Valiant Hearts has an interesting idea going for it and the art style is pretty good. But while I would play more, it’s not really too much of a priority for me in terms of getting the games that I want to play. We’ll see how things go in the future before I give it another shot.
|The general style of Valiant Hearts.|
After we were sent back into the cramped Uplay Lounge, I felt about ready to leave. However, a new opportunity for information presented itself as Myriam Martin, who played Assassin’s Creed Unity for us in the theater, was on the floor providing answers to questions people may have about the game (or as much as she could since she works on the game’s cinematics). We asked her a few questions ourselves and stuck around for answers to further questions that others had. The following is the information I now know about the game based on what I asked, what she told us during and after the presentation and what I overheard from her additional answers:
1. Assassin’s Creed Unity (ACU) takes place during the French Revolution because what went on during those events in real life created a lot of unique gameplay opportunities for the series. In general, the French Revolution is rife with moments that work for Assassin’s Creed and gave them an opportunity to give the game a location that was both new and exciting.
2. ACU takes place entirely in the city of Paris. As such, naval battles do not carry over from ACIII and ACIV since they felt it simply wouldn’t work or even make sense for the world to have that sort of mechanic. As a counter, the city is huge, like, really huge. Paris is a city that’s not only as large as all of the islands from Black Flag put together, but it also has multiple layers, with plenty of underground sewers and catacombs to explore. In addition, the world is seamless, with no loading or animations when you decide to walk into a room. In fact, you can basically walk right into any room in Paris, all of which are very highly detailed.
3. There are now a lot of side missions that be done around the city, one of which is a murder mystery that the player can take part in solving. Additionally, while standing or walking on rooftops, icons appear that show the many gameplay and mission options available to you. While running on rooftops, these same icons disappear so as to not bother or distract the player from their task at hand.
|The first gameplay moment pretty much looks like this.|
4. Crowds are now a lot denser, with the capability to generate around 1000 NPCs at a time. The AI is also very varied and allows crowds to react is different ways to their environment or each other. You’ll also be able to see different factions fighting each other as you go by, but you don’t have to interfere if you don’t want to.
5. The navigation and combat systems have both been reworked from the ground up. It is now possible to move about a lot more freely with the new control method and combat has been made more challenging to prevent devolving into a string of button mashing. You’ll now have to approach enemies a little differently, especially the stronger ones, in order to take them down effectively. Keep in mind though that the combat difficulty cannot be changed, as they wanted every player to be given the same degree of challenge. In addition, you can approach a situation with a stealth approach, something emphasized more heavily in ACU compared to the other games, since the higher challenge in combat means that you don’t really need to go for an all out attack every time enemies are in a room. As such, you can also perform stealth kills, which are instant death on whoever is hit with the hidden blade (or the new Phantom Blade).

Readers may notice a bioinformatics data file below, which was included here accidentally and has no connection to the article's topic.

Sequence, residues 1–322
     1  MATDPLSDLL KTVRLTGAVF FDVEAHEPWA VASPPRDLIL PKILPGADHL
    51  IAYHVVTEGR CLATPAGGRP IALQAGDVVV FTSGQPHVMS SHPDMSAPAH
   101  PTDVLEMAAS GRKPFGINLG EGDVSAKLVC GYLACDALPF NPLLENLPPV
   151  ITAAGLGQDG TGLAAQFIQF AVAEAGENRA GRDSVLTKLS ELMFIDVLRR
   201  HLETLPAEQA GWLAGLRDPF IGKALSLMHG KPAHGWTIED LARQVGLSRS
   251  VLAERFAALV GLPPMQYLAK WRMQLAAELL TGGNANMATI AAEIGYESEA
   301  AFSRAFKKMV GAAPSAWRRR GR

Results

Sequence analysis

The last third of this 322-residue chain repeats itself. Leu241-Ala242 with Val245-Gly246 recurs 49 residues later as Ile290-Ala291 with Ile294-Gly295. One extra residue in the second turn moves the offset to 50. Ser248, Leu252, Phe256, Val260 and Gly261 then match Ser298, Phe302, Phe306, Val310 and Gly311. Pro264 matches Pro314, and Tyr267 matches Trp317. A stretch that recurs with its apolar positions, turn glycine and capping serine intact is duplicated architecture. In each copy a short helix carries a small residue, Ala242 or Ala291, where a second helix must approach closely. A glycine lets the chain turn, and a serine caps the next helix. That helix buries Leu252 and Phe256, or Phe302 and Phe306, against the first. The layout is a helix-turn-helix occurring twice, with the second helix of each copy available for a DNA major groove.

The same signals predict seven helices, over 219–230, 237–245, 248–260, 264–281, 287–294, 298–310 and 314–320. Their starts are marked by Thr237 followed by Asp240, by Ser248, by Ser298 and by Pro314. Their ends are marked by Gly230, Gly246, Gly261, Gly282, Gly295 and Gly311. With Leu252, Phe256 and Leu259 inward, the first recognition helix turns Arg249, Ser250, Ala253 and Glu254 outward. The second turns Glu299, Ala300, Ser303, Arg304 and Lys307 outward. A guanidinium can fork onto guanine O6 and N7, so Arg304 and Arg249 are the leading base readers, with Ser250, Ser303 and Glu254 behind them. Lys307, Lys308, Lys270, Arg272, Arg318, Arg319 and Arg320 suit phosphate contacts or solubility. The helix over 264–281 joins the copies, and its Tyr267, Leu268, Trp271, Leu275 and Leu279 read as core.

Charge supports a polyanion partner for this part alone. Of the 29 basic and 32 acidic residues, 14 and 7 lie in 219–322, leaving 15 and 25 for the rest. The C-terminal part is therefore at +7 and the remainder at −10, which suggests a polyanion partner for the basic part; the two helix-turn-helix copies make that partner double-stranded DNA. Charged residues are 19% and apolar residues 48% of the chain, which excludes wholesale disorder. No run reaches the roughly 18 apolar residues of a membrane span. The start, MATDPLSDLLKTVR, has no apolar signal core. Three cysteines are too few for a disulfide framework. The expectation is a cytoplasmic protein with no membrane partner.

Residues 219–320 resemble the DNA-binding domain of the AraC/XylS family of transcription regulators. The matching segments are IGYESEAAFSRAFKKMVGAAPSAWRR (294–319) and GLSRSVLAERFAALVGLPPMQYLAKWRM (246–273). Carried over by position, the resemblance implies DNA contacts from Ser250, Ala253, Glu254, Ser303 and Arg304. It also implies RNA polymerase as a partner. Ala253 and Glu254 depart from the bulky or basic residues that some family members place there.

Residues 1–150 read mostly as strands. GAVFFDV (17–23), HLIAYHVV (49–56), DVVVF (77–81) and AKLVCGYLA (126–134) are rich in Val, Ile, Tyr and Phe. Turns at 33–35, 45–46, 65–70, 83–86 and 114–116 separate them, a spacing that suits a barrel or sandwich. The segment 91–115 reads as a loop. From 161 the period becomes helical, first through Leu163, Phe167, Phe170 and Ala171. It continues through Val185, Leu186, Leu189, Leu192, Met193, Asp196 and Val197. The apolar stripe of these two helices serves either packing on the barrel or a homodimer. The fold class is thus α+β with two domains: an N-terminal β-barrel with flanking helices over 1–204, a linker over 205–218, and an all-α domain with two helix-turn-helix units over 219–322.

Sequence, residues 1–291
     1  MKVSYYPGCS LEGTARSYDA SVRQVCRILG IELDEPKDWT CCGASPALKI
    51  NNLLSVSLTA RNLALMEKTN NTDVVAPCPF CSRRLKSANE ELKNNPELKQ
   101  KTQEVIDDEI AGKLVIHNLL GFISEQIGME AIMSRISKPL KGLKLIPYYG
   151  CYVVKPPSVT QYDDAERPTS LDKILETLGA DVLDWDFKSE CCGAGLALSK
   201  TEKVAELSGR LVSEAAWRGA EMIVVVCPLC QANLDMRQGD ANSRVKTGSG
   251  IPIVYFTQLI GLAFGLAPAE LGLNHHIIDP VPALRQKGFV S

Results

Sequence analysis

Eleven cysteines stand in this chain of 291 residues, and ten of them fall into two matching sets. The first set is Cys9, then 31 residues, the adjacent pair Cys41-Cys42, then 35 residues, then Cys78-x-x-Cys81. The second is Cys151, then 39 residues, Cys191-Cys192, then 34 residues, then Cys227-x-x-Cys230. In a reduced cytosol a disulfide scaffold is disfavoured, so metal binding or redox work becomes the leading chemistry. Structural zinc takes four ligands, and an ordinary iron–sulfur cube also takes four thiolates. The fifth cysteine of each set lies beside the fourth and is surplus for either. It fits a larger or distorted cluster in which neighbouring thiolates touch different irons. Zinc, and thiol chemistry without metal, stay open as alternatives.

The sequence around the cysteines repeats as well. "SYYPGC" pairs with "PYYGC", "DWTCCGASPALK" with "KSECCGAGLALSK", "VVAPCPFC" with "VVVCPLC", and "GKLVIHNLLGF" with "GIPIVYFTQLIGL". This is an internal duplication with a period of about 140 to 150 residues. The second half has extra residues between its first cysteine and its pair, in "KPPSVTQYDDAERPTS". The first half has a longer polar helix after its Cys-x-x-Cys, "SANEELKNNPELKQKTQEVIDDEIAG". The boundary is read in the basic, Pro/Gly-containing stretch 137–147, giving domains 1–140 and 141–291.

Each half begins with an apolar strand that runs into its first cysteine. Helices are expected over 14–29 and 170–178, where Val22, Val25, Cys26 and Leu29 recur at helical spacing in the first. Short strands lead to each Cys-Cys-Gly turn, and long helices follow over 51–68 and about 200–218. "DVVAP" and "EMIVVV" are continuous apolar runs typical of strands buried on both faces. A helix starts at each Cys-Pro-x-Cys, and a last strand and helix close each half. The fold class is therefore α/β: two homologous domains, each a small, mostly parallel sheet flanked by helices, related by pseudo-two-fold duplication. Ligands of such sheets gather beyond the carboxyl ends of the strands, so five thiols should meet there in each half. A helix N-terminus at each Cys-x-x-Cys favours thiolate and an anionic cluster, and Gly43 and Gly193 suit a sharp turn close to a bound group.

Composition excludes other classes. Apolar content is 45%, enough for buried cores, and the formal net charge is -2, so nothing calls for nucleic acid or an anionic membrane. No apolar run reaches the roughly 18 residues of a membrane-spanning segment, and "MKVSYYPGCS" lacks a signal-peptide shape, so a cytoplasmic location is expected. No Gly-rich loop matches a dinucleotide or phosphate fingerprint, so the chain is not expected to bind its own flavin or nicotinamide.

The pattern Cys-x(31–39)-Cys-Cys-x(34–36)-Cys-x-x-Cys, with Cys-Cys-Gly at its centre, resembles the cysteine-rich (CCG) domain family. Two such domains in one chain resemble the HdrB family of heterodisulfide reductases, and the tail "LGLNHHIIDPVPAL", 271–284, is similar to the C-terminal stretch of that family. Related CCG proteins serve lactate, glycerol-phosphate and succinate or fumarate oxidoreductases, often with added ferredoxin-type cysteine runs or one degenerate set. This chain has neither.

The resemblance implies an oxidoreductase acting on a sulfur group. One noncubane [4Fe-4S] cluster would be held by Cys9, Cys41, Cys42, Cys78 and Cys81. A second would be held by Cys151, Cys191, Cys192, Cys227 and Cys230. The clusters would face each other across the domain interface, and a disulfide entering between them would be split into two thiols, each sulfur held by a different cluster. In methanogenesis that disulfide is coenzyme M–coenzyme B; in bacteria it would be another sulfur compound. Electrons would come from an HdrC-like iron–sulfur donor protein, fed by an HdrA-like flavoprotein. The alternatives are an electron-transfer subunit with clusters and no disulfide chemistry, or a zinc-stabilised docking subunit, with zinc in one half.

6. The new protagonist, Arno Dorian, has a personality different from previous assassins in the franchise. Arno is said to be pretty cocky, but also have a romantic side, though not in the same way as Ezio Auditore da Firenze. Also, his story is motivated by revenge, but it’s unknown at this time what exactly motivates his quest for vengeance.
|The new assassin, Arno Dorian.|
7. Arno also now has abilities which can be upgraded, including the iconic Eagle Vision from previous games, which can be upgraded to increase how long it’s active. This new system is to give the player another opportunity to customize their character and make their experience more unique.
8. I tried asking if the new four-player co-op would be online only, but I was unable to obtain information regarding this question. In time though, we should know more about exactly how the co-op functions.
9. The official stance on why there aren’t any female assassins is because there are so many animations already with Arno that they couldn’t really do the same for female models. This was reiterated in a question answered for another player, but there’s no word yet on female assassins being impossible to put into the game.
10. Lastly, I decided to actually ask some questions about the real world segments, since I’m not sure anyone has really brought that up. Unfortunately, they can’t say too much about that right now since they’re holding back on that information for now. However, I did learn that, due to Desmond effectively being dead following the events of ACIII, the story would be wholly original. The idea for ACU was to return to the roots of the franchise, so the story around it serves as a sort of soft reboot wherein the story is new, but the universe is still the same as it was following the events of Black Flag. On an interesting note however, I didn’t hear anything about Desmond’s story being completely irrelevant to the events of ACU, so we’ll just have to find out later whether his story relates to anything at all.
Following this stream of information, we left the Uplay Lounge at around 7 P.M. and drove back home. I would say that I had an interesting experience and took full advantage of it, or as much as I could anyway, and had a good time. On the other hand, the lack of A/C and the total crowding of people bogged it down a bit and I wish I had more time to play in the exclusive demo room. Though I was tired and had kind of a headache, I’d probably go back if given the chance (heck I’d go to the actual E3 if I could), though I’d have to try to get there earlier to really make the most of it.